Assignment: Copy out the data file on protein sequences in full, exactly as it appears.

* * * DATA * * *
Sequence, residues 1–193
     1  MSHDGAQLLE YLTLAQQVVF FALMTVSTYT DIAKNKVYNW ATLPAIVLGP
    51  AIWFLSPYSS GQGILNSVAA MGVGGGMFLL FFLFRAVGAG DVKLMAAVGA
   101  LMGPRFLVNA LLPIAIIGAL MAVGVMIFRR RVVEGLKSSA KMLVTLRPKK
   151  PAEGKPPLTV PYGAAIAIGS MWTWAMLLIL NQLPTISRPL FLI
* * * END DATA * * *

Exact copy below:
Sequence, residues 1–193
     1  MSHDGAQLLE YLTLAQQVVF FALMTVSTYT DIAKNKVYNW ATLPAIVLGP
    51  AIWFLSPYSS GQGILNSVAA MGVGGGMFLL FFLFRAVGAG DVKLMAAVGA
   101  LMGPRFLVNA LLPIAIIGAL MAVGVMIFRR RVVEGLKSSA KMLVTLRPKK
   151  PAEGKPPLTV PYGAAIAIGS MWTWAMLLIL NQLPTISRPL FLI